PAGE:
Last week Kid One told me, as we were walking, that he’d heard on NPR that scientists had been calculating calories all wrong for all these years. Almonds, he mentioned specifically, actually have fewer calories than originally thought. How can this be, I wondered. I promised to do a little research.
So here is what I discovered: the measurement of the calorie came about with the creation of the steam locomotive in the early 19th century. In tackling the problem of how to measure the relative efficiency of their engines, European scientists worked to defining a heat measurement benchmark. That word “Calorie,” capitalized, was first used in public by French physicist Nicholas Clément in 1819. It entered the English lexicon in 1863 with the translation of the super-popular French textbook Ganot’s Physics, a bestseller that defined the Calorie as the heat needed to raise the temperature of 1 kg of water from 0 to 1°C. More properly, the kilocalorie, or kcal.
Eventually the medical field started playing around with the idea of adapting the calories unit to define our own energy needs, i.e. food intake. Since our bodies are not steam engines, it took a bit of playing around to figure out how to do that. The breakthrough came from experiments done by a Wesleyan chemistry professor and researcher named Wilbur Atwater during the end of the 19th century. (Note to parents and teachers out there; now this is an interesting man for a science report.) His breakthrough work came in defining calories as we know and love them today: our standard breakdown of 4 kcal/gram of protein, 4 kcal/gram of carbohydrate, and 9 kcal/gram of fat. He did this by building a 4 by 8 room, a respiration calorimeter, that measured human oxygen intake and CO2 output.
He housed volunteers in there, generally for a few days at a stretch, to eat, exercise, and eliminate, taking careful measurements of how much food went into their bodies, how much was eliminated as heat, and how much was eliminated as waste. Yes, that means he sifted through and measured poop in the name of science, so one day we would be able to know the number of calories in a Doritos Locos Taco. He based his data on this simple equation – intake – output = energy used in kilocalories. Using the Atwater method, the number of calories in any food can be easily calculated as long as you have the breakdown of protein, carbs, and fat by weight.
There is another device called the bomb calorimeter that measures calories in food steam-engine style by burning it, under very controlled conditions, in a sealed chamber surrounded by water. Calories are calculated by measuring how hot the water gets. It’s straightforward measurement that more closely approximates a steam engine than the human body. These are readily available online and are certainly common in corporate and university science labs.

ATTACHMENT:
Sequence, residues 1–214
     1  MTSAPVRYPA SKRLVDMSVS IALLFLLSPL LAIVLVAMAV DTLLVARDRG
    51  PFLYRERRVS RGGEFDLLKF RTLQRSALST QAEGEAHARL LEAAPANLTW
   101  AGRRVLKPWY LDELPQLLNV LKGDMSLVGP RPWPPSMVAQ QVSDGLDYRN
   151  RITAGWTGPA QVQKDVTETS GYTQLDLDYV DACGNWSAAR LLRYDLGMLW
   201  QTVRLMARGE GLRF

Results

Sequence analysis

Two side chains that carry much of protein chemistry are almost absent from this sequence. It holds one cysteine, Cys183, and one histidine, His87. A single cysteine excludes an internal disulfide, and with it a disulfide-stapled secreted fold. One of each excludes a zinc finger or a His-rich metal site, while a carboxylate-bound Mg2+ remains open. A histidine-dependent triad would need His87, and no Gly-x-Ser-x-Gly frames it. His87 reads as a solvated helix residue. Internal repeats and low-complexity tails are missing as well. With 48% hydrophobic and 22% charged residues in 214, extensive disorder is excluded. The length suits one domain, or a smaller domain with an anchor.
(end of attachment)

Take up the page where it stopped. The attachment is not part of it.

The USDA uses the Atwater method for calculating calories listed on nutritional labels. Here is their 108-page document published in 1973 that serves as the main source for their information; I glanced through and saw it combines Atwater methods with bomb calorimetry to come up with counts that take insoluble fiber into account. Calorie information is also calculated by adding together the values from ingredients or from numbers provided by food manufacturers.
Medical and nutritional science has evolved quite a bit in the 100+ years since Atwater’s experiments. So is Atwater’s calorie count system really accurate?
More recent studies have suggested no – at least not in high-fat, high fiber foods like nuts. Scientists again turned again to poop to collect data on the true calories in an ounce of almonds. In August of 2012 they released their results – the calories in almonds have been over by 20%. Turns out our bodies don’t absorb as much fat as an almond contains, and when fat is eliminated, so is the potential energy, and calorie count goes down.
Calorie count in an individual food can vary depending on whether it is processed/cooked, or unprocessed/raw:
- In general, “whole,” i.e. unprocessed, foods are harder to digest than “processed,” i.e. mashed into submission, foods. Some calories remain locked in whole foods that are released in processing.
- This explains the results of the almond study. It turns out the more the nut is chewed, the more cell walls are broken, allowing energy to be unlocked and used by the body. An almond crunched just a few times before swallowing will provide less calories than an almond chewed the proverbial 50 times. (Mom, please don’t swallow a whole almond thinking it will help you lose weight. I know how you think, and it’s truly the worst diet idea EVER. Promise you will not try it unless you are standing next to someone well-versed in the Heimlich maneuver. I mean it.)